Japan’s trade deficit jumps to $108bn record high
The trade deficit of the world’s third largest economy hit a new record of around $108 billion in 2014, the highest since 1979. Sharp demand for energy in Japan after the Fukushima disaster boosted imports; lower oil prices could reverse this in 2015.
One of the main reasons was a surge in imports ahead of April’s sales tax increase and the country's growing demand for natural resources caused by the disabling of all the country’s nuclear power plants after the Fukushima disaster in 2011.
Imports of petroleum products in 2014 increased by 3.1 percent, while the purchase of liquefied natural gas was up by 1.2 percent.
The rising resource prices were exacerbated by the yen weakening against other foreign currencies. The yen slid against the US dollar by 8.7 percent to 105.30 from a year earlier, largely due to the controversial program of monetary easing carried out by the Bank of Japan.
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However, despite such unprecedented figures, some analysts believe Japan’s trade balance may improve, as a recent drop in global oil prices is likely to reduce the country’s import costs.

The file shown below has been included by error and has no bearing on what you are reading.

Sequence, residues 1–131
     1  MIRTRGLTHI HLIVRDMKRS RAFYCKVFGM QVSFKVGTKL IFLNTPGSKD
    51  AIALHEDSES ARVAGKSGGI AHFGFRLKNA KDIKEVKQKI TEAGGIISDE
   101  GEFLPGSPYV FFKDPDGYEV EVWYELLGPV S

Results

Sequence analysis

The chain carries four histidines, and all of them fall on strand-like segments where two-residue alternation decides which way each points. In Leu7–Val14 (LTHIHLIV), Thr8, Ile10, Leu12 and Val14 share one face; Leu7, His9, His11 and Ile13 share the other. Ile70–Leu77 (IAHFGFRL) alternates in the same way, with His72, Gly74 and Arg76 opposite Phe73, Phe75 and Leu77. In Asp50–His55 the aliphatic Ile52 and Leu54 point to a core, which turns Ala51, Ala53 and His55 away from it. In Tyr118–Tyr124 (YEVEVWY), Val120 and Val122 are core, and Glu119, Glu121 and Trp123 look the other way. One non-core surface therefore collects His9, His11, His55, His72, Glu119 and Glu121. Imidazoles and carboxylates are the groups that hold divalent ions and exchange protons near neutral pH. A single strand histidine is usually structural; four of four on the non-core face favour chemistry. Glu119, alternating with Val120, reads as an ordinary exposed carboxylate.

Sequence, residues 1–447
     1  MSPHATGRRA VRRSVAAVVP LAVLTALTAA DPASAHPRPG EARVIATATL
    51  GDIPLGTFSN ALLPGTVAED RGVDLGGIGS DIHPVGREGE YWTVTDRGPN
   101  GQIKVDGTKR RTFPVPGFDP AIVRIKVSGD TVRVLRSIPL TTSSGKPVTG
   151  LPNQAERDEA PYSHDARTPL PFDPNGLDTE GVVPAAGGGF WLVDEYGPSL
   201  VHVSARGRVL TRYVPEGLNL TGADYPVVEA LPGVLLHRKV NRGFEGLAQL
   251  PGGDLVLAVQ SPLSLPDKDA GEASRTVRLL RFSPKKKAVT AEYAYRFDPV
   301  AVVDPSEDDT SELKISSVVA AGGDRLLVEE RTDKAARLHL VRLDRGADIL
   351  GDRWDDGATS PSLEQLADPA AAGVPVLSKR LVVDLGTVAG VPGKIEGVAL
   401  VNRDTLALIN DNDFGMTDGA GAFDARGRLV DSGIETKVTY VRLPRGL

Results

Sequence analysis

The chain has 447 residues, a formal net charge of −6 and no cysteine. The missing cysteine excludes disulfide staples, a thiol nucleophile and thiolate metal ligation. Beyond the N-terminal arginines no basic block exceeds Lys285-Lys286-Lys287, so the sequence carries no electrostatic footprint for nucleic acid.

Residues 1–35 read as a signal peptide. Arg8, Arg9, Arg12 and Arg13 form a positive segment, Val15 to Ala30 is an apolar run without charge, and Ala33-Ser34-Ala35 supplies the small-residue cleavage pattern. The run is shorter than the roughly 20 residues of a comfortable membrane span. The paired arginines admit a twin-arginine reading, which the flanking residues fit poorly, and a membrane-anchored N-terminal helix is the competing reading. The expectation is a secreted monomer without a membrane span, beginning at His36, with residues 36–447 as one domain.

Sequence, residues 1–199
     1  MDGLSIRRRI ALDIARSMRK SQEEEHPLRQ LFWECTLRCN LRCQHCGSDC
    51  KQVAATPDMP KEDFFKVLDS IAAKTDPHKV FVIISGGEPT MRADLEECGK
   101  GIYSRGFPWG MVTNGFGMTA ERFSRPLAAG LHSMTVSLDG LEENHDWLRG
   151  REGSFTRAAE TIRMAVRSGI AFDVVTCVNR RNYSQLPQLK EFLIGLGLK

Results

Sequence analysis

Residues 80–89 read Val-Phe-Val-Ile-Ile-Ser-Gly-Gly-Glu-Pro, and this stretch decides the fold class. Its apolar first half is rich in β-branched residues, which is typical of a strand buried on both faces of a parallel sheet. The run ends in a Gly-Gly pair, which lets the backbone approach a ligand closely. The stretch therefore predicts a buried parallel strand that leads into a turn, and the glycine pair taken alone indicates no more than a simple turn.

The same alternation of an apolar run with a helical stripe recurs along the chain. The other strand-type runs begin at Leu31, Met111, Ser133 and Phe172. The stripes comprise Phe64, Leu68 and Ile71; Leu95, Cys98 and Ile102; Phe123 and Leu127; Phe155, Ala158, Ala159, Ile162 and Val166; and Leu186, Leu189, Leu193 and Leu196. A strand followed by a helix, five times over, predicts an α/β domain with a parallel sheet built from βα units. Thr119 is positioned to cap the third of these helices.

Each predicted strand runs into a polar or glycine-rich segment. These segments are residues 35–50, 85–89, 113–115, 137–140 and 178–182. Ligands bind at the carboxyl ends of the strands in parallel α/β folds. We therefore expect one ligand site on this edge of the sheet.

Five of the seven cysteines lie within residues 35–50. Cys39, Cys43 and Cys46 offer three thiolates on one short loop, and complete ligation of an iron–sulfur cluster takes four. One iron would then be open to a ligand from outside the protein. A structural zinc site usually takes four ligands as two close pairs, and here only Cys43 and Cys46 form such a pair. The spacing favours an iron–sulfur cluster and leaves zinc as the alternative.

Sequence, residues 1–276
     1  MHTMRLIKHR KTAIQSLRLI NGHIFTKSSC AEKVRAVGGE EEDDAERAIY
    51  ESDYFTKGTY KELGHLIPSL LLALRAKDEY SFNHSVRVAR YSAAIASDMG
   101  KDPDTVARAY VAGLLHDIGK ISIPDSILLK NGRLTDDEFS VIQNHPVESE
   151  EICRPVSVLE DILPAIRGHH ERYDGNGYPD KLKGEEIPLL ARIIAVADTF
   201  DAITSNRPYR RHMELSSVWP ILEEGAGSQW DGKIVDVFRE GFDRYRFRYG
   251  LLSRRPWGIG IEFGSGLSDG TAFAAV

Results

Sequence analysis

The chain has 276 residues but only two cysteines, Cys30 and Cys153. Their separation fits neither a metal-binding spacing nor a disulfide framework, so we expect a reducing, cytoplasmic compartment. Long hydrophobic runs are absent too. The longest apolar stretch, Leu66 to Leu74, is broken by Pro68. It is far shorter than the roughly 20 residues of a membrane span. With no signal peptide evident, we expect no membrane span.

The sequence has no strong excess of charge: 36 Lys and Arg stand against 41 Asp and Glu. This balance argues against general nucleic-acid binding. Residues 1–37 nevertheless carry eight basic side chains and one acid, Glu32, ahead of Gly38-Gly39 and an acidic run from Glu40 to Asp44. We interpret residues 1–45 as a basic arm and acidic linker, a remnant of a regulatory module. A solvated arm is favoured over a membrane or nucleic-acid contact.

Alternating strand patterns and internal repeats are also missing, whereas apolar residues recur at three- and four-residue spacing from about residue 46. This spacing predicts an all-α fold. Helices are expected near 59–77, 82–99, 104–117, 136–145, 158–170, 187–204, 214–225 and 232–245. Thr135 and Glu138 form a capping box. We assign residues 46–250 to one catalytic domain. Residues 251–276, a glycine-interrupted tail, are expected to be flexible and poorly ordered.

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A falling domestic currency usually props up exports, as locally produced goods become cheaper abroad. Thus, in the case of Japan, it boosts revenues from foreign trade in yen terms. Japan’s exports exceeded forecasts in December, hitting 12.9 percent from a year earlier - the highest level in six years.
Japan’s exports to EU gained 8.3 percent to $64 billion (¥7.59 trillion) while imports from the region increased 6.6 percent to a record $69 billion (¥8.16 trillion). Shipments to the United States expanded 5.6 percent to $115 billion (¥13.65 trillion), as the imports rose 10.7 percent to $63 billion (¥7.54
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- January 26, 2015
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